DIY Water Filter

As homebrewers we strive for perfection in our brews. There is a lot going on to get that water flowing into your home and more that a homebrewer can do to control the quality of the largest ingredient in the brewing process.

Mineral content, particulate matter, pH, hardness, alkalinity levels, salts, chlorine, microbes and temperature levels. Water can seem overwhelming if you try and address everything at once, so start with the basics and work your way up into more advanced chemistry constructs.

Once water reaches the tap in your home you as a brewer have a choice: trust the water from the magical source or add some insurance to the next batch of brew with a simple DIY filtration system.
A simple filter set at a proper flow rate can help remove contaminants (scale, sediment, and rust particulate) that your water picked up in the pipes from the treatment plant to the homebrewery. Filtration is also recommended for those using well water.

Chlorine, chloramines and pollutants have also got to go. When brewing beer with treated water, chlorine and chloramines can combine with malt phenols in the wort to create a compound called chlorophenol, which can give the beer a medicinal taste. Also, cleaning your brewing gear with unfiltered water and not allowing it to dry properly will leave chlorine on the surface and lead to the same production of chlorophenols. So, cleaning with filtered water is suggested.

Activated carbon filtration will also remove chlorinated compounds including Trihalomethanes (THMs) and organic pollutants such as pesticides.

Cartridge carbon filtration is inexpensive and requires no presoaking, sterilization or backwashing. The filters can be replaced quickly once the flow rates start to diminish due to accumulation of suspended solids on the filter.

Filters, filter housings and copper, brass or stainless fittings can be found at your local big box hardware store. You may need a dual filtration or a reverse osmosis system in extreme cases of ion imbalance or contaminants in your water, so it’s a good idea to get a water analysis report from your city or town before you start.

Tools and Materials

•GE Household Pre-Filtration System – Model # GXWH20S
• GE FXWTC Carbon Water Filter
• 3⁄4-inch MPT to 1⁄2-inch FPT bushings
• 1⁄2-inch MPT to 1⁄2-inch FPT elbow
• 1⁄2-inch MPT adaptor
• Copper pipe
• 3⁄4-inch MPT to 3⁄4-inch FPT Shutoff valve
•3⁄4-inch MPT Quick disconnect
• Filter wrench
• Teflon tape
• Adjustable wrench
• Welding Torch, tinning flux & lead-free solder
• Propane striker


Incorporating a standard hose quick disconnect, shutoff valve and bent elbow on the water outlet can help shave time off the brew day, so think about your filter design and modify it to fit your specific needs. There are many different materials and fittings you can choose for the water outlet. I have seen PVC and silicone tube setups, but on this design I chose a copper pipe elbow. To make this fitting you can either use instant push fittings which do not require any welding, but check to make sure it is food grade and safe for drinkable water sources. Another component of the filter that you can modify to your needs is the cutoff valve. You can go for extreme control using automated ball valves. These can be controlled by a computer system or float sensor, but manual quick cutoff valves work great too.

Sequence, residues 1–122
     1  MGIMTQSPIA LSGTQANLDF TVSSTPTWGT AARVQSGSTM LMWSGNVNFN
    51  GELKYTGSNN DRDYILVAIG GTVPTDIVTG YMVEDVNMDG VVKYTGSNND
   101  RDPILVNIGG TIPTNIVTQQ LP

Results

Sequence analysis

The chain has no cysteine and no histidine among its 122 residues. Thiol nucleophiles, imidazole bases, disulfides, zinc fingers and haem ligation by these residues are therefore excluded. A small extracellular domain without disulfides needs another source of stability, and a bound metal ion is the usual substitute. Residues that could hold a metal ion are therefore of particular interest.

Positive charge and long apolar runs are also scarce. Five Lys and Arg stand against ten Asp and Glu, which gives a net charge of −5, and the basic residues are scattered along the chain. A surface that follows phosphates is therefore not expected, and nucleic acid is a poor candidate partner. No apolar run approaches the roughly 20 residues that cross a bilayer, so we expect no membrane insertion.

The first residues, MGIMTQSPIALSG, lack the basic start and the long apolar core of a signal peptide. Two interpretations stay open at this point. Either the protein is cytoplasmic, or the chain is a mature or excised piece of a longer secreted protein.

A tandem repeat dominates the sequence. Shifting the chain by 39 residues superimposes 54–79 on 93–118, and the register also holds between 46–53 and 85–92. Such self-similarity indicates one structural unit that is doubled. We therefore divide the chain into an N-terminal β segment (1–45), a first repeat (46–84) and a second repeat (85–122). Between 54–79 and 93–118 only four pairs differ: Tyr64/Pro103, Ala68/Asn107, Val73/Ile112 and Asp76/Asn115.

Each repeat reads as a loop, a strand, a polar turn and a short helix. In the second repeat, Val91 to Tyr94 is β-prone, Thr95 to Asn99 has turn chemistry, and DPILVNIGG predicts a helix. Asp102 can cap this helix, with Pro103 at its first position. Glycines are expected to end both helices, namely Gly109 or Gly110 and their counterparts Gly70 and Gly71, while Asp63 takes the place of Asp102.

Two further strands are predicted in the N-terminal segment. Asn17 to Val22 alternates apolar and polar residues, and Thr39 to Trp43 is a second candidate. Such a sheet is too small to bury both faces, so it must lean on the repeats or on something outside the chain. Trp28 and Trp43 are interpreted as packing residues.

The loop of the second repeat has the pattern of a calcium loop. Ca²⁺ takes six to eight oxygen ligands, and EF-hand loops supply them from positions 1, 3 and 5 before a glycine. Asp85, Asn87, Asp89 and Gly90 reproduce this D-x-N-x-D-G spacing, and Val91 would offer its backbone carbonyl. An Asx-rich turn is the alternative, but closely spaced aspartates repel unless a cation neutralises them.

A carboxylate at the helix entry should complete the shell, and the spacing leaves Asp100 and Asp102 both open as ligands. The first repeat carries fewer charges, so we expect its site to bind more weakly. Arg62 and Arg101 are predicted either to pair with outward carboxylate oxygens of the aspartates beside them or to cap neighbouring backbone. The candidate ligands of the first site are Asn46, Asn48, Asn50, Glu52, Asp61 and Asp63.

2. WRAP and HEAT

Clean and Teflon wrap all MPT fittings. Make a clean, burr-free cut on your copper pipe with a pipe cutter. Brush the joints with a pipe brush before fluxing. Assemble pipe and adaptor, apply heat and solder the joint together. If you are going to weld please use caution when operating the torch. Read up on safety standards and precautions when doing any welding or plumbing. Put on your safety glasses and high heat resistant gloves. Keep a bucket of water within reach and have a fire extinguisher
on hand.







Once you have decided on your elbow and cutoff valve designs gather up all the parts and lay them out. Thoroughly clean the water filter housing. On the inlet side of the filter screw on your cutoff valve 1⁄2-inch MPT to 1⁄2-inch FPT bushing and the elbow and copper pipe fitting. You can cut your copper pipe to fit the length of your kettle. The copper pipe will also act as a hanging arm and allow you to add water to a HLT or boil kettle hands free.


To install the filter unscrew the housing and wash inside the housing with warm soapy water and lubricate o-ring gasket. Remove the shrinkwrap and install the new filter. Reassemble the housing and turn on your water supply. Run water through the filter for 5 minutes to flush the system. The filter will remove particulate from 1-5 micron and will last around three months (15,000 gallons/
56,781 L) depending on usage. The filter has a spiral wound carbon paper construction and reduces chlorine taste and odor, sand, soil, silt, sediment and rust.



Click in your water source/hose and you are ready to dispense some purified water. You can easily hang the filter on the side of a hot liquor tank and fill to the desired level. This design adds another level of safety with its cutoff valve by allowing the operator to cut the water off locally instead of from a distant wall faucet. Leaving any brew system unattended is never advised especially if you are using open flames.





A final upgrade for this filter was an added automated ball valve with float sensor, which could be set to a certain water level. Design inspiration was from Randy Mosher’s “automate everything” mantra.

Issue: July-August 2012